The active-duty Army is already set to fall by nearly 80,000 troops to 490,000 by 2017, but would shrink significantly more if the process called sequestration strips more than $1 trillion out of the Defense Department budget over the next decade, Odierno told the press.

Army leaders talk future BCT cuts, sequestration effects

WASHINGTON – The Army is still “a few months away” from decisions about additional brigade combat teams that will be eliminated, Army Chief of Staff Gen. Raymond Odierno told Congress on Friday.

Odierno and Army Secretary John McHugh appeared before the House Armed Services Committee to discuss Army budget decisions a day after the Pentagon named two Europe-based heavy brigades, the 170th and 172nd infantry brigades, that will be deactivated over the next 18 months or so.

Pentagon names units headed to Afghanistan as trainers

WASHINGTON – Nearly 1,500 officers and senior noncommissioned officers from six Army units will deploy to Afghanistan later this year to train Afghan National Security Forces, the Pentagon has announced.

The plan, first reported last year in Stars and Stripes, stems from an evolving strategy in Afghanistan that will attempt to quickly push Afghan troops into the lead in combat against insurgents, giving the local forces time to settle into the job prior to the end of the U.S.-led role at the end of 2014. The policy shift, which Army leaders have discussed in recent months, is expected to be announced formally in May at a NATO summit in Chicago.

Mortgage settlement includes cash, help for troops

WASHINGTON – The sweeping mortgage litigation settlement approved by federal regulators last week includes a host of assistance programs for servicemembers who may have been victims of shady lending practices, including hefty payouts for individuals who lost their homes.

The $26 billion settlement includes language stating that troops who were unfairly foreclosed on by Wells Fargo, Citigroup or Ally Financial will receive a minimum payout of $116,785 plus any home equity that would have accrued since the foreclosure. The deal echoes one previously struck with JPMorgan Chase, in which officials there agreed to pay back military foreclosure victims the value of their home, or return the property to those families.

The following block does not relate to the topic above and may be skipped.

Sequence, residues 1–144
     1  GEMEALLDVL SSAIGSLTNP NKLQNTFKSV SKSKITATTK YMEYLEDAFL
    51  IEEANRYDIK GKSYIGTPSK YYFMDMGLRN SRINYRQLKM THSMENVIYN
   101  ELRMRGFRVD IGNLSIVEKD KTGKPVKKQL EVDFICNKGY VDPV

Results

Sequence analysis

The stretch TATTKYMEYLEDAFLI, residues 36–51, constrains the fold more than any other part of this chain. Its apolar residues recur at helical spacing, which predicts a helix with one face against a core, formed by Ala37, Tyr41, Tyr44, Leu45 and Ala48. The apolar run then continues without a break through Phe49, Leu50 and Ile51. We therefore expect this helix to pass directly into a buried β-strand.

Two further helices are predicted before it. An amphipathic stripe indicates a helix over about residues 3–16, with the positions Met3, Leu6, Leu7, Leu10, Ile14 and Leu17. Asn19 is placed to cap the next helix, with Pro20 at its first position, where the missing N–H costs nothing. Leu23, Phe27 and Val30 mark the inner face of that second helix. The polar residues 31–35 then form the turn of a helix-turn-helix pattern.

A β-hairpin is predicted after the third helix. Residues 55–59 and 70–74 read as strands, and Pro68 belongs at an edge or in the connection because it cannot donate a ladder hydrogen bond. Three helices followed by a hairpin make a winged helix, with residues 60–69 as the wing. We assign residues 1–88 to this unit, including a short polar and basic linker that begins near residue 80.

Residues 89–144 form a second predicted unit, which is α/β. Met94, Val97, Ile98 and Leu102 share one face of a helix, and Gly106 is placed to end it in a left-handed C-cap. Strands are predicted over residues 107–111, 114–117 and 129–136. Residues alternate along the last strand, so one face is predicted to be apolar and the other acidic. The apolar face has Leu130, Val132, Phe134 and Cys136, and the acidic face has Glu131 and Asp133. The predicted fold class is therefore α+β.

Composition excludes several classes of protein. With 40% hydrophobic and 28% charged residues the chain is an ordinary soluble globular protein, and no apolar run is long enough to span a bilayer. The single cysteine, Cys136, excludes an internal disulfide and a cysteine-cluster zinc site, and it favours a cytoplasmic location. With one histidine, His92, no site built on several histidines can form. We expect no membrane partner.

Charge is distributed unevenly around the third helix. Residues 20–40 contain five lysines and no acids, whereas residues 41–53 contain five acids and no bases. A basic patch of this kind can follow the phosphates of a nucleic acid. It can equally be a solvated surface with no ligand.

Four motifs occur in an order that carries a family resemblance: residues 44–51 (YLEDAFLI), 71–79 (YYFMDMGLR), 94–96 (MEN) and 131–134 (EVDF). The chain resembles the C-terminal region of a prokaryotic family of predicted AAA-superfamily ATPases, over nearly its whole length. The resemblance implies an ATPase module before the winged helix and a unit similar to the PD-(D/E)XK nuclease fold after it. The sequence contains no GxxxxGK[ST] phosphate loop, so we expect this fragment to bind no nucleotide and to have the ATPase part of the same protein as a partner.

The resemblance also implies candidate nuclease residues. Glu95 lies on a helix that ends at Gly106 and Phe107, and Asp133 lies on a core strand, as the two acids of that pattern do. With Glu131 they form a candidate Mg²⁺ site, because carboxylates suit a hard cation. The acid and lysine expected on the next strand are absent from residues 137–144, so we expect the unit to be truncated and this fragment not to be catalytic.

New Army blood program will focus on specific blood demands

WASHINGTON - Sometimes, the injuries that result from a bad stretch of combat can deplete needed supplies of donated blood. Other times, unused blood products reach a certain age and have to be discarded.

An Army program starting this week will seek “targeted donors” in an attempt to ensure there’s always enough blood of each type for the treatment of wounded troops, while helping prevent oversupply.

White House dinner for Iraq War heroes set for Feb. 29

WASHINGTON – The White House announced Monday that it will host a formal dinner honoring troops who served in the Iraq War on Feb. 29, and that representatives from both the enlisted and officer ranks will be invited to the event.

Administration officials said the tribute will also feature Pentagon officials, but offered few other details. The event is designed to be “an expression of the nation's gratitude for the achievements and enormous sacrifices of the brave Americans who served in the Iraq War and of the families who supported them.”

Danger pay now calculated by the day

WASHINGTON - Starting this month, the Defense Department will calculate imminent danger pay by the day rather than the month, a cost-cutting move the department estimated last year could save $30 million annually.

Up to now, servicemembers received a full month’s imminent danger pay – $225 – for spending even a single day in designated hazardous areas, which range from war zones such as Afghanistan to out-of-the-way spots like Montenegro.

Lawmakers call for hearings into military hazing

WASHINGTON — Angered at what they view as light punishment for servicemembers involved in hazing incidents, some members of Congress are calling for hearings to address a system that “does not work.”

“This is a call for justice,” Rep. Judy Chu, D-Calif., said at a press conference Thursday on Capitol Hill.